Monday, October 17, 2011

Seville Orange Spoon Sweets

Bitter Orange Spoon Sweets 3

Few things make my heart happier than a bowl full of citrus fruit sitting on my kitchen bench.  Even though citrus grows incredibly well here in New Zealand, particularly in the North Island, there is something about the colours that just scream sunshine, even on a cloudy day, and the fragrance every time you pass by, that transports me to infinitely more exotic places.  And then, when that bowl of citrus fruit actually happens to be 6 kilos of Seville oranges, well I am transported directly to heaven.  Also often known as bitter oranges, and rightly so since they are far too sour to eat, these make hands-down the best marmalade.  They have a very short season, and you generally will not find them in the shops - leastwise not here in New Zealand.  However, if you are lucky enough to know someone who is in the know (thanks Mairi) you may be able to get your hands on some.  You are going to have to wait another year now to do that though, as that very short season I mentioned just finished last week.  I have a number of projects planned for these babies, which of course I will share with you, including marmalade, bitter orange curd, burnt orange ice cream, and a bitter orange sorbet.  I've also read that the juice of Seville oranges is often used for marinading meats in a variety of Caribbean cuisines - so a bag of these will be headed to the freezer to take out for juice during the year.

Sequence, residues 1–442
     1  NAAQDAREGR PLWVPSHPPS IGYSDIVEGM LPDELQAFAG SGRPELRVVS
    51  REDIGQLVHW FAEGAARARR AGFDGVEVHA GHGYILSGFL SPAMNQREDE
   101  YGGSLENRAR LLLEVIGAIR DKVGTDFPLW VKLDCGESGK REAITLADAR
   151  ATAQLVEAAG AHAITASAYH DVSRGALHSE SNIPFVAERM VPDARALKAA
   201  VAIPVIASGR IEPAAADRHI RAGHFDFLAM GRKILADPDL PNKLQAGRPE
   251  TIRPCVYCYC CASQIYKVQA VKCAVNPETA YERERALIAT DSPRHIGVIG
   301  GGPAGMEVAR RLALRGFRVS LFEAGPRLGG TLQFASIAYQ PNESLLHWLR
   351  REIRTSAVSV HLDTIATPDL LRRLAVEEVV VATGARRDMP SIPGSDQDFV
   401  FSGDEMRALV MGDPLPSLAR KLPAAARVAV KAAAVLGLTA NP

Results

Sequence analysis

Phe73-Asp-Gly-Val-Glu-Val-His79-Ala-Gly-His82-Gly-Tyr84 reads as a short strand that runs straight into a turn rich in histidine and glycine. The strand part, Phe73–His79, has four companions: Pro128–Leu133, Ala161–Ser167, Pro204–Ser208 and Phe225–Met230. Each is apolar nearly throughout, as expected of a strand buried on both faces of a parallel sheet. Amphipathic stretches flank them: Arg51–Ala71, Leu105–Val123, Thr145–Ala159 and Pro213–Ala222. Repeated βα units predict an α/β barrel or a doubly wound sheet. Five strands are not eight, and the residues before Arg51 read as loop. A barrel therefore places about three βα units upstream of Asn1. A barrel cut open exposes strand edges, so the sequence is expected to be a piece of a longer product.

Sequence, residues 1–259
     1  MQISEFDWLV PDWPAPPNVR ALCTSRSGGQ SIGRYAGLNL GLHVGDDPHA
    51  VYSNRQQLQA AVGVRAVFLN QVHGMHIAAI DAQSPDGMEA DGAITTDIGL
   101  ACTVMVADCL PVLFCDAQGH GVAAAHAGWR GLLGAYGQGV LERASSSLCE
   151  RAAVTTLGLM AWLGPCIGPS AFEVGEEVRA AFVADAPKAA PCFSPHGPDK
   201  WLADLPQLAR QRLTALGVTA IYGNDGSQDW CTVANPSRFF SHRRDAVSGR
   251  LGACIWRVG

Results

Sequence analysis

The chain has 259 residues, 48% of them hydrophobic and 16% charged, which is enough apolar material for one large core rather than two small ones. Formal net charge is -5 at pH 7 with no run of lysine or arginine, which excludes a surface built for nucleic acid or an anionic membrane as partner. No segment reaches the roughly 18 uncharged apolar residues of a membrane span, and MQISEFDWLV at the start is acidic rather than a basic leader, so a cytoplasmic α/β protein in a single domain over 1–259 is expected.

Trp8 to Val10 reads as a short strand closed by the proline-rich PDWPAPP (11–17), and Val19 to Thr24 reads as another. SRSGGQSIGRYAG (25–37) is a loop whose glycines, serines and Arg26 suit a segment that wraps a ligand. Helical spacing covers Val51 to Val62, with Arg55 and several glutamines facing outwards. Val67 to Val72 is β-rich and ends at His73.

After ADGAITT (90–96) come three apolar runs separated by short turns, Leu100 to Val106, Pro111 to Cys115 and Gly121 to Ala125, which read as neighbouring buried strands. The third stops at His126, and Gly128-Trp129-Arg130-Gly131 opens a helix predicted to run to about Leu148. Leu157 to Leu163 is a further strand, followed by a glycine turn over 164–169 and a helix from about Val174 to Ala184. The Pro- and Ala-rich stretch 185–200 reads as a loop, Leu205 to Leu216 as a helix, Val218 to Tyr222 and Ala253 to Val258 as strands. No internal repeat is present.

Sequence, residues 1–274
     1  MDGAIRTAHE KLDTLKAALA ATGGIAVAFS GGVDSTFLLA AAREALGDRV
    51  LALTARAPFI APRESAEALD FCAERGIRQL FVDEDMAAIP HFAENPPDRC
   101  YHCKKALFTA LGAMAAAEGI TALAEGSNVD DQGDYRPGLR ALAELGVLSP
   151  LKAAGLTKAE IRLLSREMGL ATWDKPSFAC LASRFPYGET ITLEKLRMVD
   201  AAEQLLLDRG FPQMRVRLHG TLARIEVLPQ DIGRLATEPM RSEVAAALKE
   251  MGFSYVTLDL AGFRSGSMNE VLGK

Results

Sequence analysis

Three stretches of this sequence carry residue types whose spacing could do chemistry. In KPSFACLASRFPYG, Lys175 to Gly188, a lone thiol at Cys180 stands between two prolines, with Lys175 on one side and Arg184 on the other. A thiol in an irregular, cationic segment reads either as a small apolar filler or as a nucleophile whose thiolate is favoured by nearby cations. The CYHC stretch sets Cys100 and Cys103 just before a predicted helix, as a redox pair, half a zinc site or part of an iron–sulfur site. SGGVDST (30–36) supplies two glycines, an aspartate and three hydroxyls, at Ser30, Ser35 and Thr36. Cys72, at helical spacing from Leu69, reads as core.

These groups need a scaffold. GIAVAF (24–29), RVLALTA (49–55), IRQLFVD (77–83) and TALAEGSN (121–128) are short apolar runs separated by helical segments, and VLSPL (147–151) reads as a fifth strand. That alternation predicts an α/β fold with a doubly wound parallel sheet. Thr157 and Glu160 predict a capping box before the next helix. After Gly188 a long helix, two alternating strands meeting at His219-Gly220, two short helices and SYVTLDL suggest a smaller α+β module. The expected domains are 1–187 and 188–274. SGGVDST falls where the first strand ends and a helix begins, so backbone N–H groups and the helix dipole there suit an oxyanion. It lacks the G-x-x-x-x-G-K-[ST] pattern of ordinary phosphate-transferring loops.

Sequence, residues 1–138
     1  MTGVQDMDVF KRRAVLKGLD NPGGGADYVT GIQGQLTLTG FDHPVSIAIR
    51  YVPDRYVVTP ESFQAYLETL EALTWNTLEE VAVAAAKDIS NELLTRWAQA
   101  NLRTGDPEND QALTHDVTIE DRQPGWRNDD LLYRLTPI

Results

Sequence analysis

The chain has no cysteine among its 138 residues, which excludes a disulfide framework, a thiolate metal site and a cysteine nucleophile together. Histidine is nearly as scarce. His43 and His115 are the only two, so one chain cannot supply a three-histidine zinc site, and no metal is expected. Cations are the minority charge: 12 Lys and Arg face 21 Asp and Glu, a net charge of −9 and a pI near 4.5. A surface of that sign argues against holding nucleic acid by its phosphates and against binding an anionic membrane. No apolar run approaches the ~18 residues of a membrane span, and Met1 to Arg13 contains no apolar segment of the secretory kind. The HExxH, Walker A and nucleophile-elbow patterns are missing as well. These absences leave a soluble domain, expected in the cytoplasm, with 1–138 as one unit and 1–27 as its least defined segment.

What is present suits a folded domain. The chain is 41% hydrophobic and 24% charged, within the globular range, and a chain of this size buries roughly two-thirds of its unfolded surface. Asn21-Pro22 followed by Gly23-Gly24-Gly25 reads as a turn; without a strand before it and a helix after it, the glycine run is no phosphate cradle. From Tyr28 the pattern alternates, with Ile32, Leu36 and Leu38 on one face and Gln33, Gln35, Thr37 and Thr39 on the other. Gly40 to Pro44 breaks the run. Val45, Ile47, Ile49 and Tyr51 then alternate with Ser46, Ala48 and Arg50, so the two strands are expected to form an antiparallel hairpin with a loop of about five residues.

As I've been telling you over the last couple of weeks, the I Heart Cooking Clubs group is now cooking with the gorgeous Tessa Kiros, and our theme this week is From the Orchard.  Well I've got to tell you that whilst most of my friends over there are in the midst of autumn (fall to them), and no doubt enjoying an abundance of fruit hanging from the trees, here in New Zealand it is spring.  That means that you sure won't find much dangling from the branches here.  Right now, although strawberries are beginning to show up regularly at the market, fruit trees are laden with nothing more than promise, in the form of blossom.  So this box of Seville oranges, which appear briefly here from September through to mid-October, could not have arrived at a better time.

When I holidayed in Greece earlier this year, I found some wonderful little coffee shops in Athens to sit and while away an hour or two.  It was a common sight, in many of these coffee shops, to see huge jars on the counter full of beautiful fruits preserved in thick, sweet syrup:  cherries (both sweet and sour), figs, grapes, bergamot, quince, my favourite - bitter orange, and many more.  They are called "spoon sweets" and, as the name might suggest, they are usually served on a teaspoon alongside a good coffee and a glass of cold water.  You can also buy the spoon sweets in jars in most supermarkets there, and I developed a real liking for having the bitter orange for breakfast on top of some toasted bread and mizithra.  Needless to say, when I came across Tessa's recipe for Preserved Fruits in Sugar Syrup in the Falling Cloudberries book I couldn't wait to try it.

This was a really fun preserve to make - I would definitely do it again - and I can't wait to try some of the other fruits now as they come into season.  I am only sharing the instructions for doing the oranges here, but Tessa's book also includes recipes for cherries, green plums and figs.

Bitter Orange Spoon Sweets 1

Seville Orange Spoon Sweets Recipe